The sizes for high fashion and commercial fashion do differ and while they do still want the models that advertise the clothes to be slightly taller than the average female consumer, they don't necessarily want them to possess the whole "human hanger" effect like they do for high fashion. Many commercial fashion models in larger markets appear slim but in a healthier way compared to the models on the catwalk. Commercial fashion and high fashion are two completely different markets so it is important to distinguish the differences and the caliber of the people that will actually be purchasing those clothing styles.
Saturday, May 1, 2010
Hello again! I've been wondering, what is the height requirement for commercial fashion? Can one really do it at less than 5'7"? I thought jobs for down-to-earth catalogues and things like that still went to more commercial looking fashion models as opposed to commercial print models.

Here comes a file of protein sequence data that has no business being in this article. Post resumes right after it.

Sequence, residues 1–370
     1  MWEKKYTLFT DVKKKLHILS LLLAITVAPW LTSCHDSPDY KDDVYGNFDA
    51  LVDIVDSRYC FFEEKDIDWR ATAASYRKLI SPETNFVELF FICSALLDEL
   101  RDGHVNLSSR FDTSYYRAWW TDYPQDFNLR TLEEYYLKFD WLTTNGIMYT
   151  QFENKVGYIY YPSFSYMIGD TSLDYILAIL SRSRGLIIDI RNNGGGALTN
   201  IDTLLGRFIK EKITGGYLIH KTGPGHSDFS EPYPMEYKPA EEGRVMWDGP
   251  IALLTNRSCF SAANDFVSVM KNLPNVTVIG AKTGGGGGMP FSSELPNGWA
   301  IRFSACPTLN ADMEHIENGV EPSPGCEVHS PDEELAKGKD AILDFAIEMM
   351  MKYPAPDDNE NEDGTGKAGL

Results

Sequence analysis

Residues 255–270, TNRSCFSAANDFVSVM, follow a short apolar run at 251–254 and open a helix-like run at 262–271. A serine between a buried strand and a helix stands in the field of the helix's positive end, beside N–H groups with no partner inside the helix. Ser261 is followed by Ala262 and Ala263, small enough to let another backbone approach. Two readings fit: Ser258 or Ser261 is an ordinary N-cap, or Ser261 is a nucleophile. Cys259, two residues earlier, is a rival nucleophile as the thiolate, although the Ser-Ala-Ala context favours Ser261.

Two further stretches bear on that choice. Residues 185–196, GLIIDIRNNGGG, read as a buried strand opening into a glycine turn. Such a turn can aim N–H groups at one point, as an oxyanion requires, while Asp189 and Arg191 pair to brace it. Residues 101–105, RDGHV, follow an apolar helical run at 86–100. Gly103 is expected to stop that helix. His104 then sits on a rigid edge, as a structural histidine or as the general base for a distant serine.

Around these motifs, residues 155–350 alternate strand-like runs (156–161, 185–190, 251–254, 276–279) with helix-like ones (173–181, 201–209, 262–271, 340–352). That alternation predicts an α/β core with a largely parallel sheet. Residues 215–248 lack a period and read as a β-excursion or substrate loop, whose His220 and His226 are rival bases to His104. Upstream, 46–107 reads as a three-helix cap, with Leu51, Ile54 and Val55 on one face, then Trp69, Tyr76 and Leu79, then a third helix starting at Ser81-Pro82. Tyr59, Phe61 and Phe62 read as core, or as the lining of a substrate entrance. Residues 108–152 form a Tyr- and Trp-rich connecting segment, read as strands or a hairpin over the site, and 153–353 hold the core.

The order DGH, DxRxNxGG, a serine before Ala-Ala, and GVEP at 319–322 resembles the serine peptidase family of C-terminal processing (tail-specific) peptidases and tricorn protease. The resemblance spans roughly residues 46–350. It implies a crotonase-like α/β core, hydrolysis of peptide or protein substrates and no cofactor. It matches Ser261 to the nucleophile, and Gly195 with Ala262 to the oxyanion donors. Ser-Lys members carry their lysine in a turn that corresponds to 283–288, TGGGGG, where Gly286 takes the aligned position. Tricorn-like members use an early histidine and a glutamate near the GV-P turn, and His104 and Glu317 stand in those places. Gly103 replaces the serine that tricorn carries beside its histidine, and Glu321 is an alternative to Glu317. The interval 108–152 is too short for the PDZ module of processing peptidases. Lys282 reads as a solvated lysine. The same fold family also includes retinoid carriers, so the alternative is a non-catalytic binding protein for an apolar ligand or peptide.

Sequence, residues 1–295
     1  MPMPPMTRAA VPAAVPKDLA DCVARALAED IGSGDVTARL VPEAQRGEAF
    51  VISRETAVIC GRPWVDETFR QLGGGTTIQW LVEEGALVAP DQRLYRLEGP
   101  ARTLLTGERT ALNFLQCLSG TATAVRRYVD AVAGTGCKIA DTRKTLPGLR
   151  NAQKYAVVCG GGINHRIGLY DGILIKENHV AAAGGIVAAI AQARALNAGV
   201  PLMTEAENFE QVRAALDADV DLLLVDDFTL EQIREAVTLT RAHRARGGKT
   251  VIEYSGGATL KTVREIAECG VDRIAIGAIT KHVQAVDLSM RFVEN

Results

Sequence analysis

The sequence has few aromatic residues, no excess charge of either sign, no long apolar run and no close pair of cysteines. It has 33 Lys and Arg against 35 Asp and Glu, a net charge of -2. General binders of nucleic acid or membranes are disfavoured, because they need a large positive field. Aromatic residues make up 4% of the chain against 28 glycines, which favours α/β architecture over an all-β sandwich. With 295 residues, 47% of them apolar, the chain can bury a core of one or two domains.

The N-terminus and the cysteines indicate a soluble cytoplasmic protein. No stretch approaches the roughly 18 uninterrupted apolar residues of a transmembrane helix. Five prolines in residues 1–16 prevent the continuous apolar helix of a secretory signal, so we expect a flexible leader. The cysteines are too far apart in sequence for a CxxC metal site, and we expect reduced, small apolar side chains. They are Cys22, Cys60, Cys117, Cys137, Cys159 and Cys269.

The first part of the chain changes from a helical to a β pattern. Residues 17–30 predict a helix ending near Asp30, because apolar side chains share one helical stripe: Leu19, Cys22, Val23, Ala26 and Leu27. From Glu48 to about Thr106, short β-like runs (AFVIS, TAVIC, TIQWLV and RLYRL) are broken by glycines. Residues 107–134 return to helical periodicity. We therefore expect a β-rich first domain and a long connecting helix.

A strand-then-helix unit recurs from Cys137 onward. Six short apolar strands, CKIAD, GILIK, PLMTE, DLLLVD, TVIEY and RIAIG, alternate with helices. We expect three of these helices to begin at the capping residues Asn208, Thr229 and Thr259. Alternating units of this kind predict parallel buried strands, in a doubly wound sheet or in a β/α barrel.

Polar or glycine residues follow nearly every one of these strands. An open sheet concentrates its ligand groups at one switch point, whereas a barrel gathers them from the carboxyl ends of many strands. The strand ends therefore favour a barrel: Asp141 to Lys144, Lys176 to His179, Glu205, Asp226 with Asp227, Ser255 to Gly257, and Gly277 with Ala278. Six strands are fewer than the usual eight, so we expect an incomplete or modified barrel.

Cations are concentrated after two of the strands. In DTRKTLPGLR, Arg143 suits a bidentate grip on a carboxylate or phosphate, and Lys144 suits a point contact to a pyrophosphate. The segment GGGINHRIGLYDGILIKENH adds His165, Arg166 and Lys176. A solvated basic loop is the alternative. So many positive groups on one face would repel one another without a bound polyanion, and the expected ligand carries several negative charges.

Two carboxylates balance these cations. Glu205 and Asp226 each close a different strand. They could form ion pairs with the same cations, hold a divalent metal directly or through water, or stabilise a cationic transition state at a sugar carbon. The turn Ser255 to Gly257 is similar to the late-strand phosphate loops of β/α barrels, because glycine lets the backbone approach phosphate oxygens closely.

Hey, Marla! Great question. Commercial fashion is a subcategory of commercial/print and according to industry standards, the preferred height range for female models in this field is between 5'5"-5'7". So yes, print models do mainly get submitted for catalogs and other similar print work for commercial fashion. However, this is mostly the case for medium to smaller modeling markets. The larger markets (NYC, LA, etc.) have recently started submitting their fashion girls for commercial fashion, although they must possess more "commercial" features and a mainstream look that would appeal to consumers.
Model hopefuls that want to do commercial fashion in particular should not only fall within the height range I mentioned above but be on the slimmer side (not necessarily catwalk slim, though)--after all, there is fashion involved--but even though the clothes aren't on the haute couture level, models are still required to work with sample sizes. The strength of a model's agency, in addition to their location, will play a huge factor in booking these kinds of gigs.